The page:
In the middle of the 15th century, the rich maritime and trading town of Rab was severely affected by the plague, which ravaged the island in 1449 and 1456. Of the 10,000 inhabitants, the plague is responsible for the deaths of over half of the people. The oldest part of the city, Kaldanac, never recovered and collapsed in ruins, in which traces of walled windows and doors were left behind, leaving unfortunate victims behind. Maritime affairs came to a complete halt, public life was stifled, and the prosperity period that had lasted since the 12th century came to an abrupt end. The deserted Rab accepted voluntarily, a few years later, an influx of people from the interior fleeing the Turks. The new settlers were a well-accepted labor force that the people of Rab settled on their lands, and the Venetian administration even gave the refugees some privileges, freeing them from certain time taxes and levies. However, when the city began to recover and strengthen again, events of world importance took place and interrupted its progress. 1492. Columbus discovers the New World, and as early as 1497 Vasco da Gama sea route around Africa to India.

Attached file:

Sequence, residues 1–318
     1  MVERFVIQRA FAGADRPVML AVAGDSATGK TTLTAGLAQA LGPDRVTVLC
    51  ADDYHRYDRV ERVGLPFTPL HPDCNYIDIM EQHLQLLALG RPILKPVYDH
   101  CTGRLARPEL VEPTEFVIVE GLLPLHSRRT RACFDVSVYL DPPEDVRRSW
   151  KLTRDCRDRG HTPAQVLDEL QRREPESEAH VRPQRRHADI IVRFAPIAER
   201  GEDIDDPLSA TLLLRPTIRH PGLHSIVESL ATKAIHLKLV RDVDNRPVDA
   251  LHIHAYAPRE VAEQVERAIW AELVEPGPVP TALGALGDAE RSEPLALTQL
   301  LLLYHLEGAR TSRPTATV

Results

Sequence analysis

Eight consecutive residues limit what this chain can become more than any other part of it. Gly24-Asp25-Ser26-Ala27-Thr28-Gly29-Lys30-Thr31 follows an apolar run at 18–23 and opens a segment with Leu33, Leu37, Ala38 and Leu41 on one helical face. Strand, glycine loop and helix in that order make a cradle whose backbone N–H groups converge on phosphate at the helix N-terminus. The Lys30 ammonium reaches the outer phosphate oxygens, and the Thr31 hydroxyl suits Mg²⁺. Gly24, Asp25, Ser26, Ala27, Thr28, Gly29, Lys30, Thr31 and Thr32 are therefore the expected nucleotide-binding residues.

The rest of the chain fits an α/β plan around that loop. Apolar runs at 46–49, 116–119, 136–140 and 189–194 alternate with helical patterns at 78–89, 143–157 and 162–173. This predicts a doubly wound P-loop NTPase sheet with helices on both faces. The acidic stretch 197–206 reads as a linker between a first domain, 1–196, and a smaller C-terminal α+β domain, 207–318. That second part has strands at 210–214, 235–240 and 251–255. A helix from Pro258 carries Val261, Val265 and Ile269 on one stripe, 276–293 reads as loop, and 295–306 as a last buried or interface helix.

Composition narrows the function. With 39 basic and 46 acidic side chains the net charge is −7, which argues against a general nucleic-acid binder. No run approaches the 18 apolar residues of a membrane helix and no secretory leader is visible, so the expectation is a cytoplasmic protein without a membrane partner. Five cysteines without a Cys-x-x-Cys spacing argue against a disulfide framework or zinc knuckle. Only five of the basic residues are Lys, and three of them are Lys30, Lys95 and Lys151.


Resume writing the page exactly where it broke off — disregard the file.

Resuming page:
The result was the relocation of world trade to the Atlantic Ocean, while the Mediterranean Sea lost its old luster over time. This gradually caused the downfall of the Venetian Republic, and thus Dalmatia, which was drawn into the trade network with it. In addition, wars with the Turks took place during the 16th and 17th centuries, in which Venice lost all its colonial possessions in the Levant and again had to defend its Dalmatian territories from Turkish invaders. Rab, however, was spared direct combat events, but they were increasingly pressured by various levies, giving soldiers and galleons, abstaining from the Rab galley, etc. This especially infuriated the people who bore the greatest burden, while the sons of the nobles were relieved of many obligations. And with all that, as a Venetian estate, the city was the first to be attacked by the Uskoks, who had firmly established themselves in Senj. . These belligerent Uskoks, mostly coming from Bosnia, waged a constant war with the Turks, and bravely defended Croatia, which, when the last Croatian-Hungarian king fell in the battle of Mohács in 1526, came together with the Hungarian royal crown under the Habsburgs.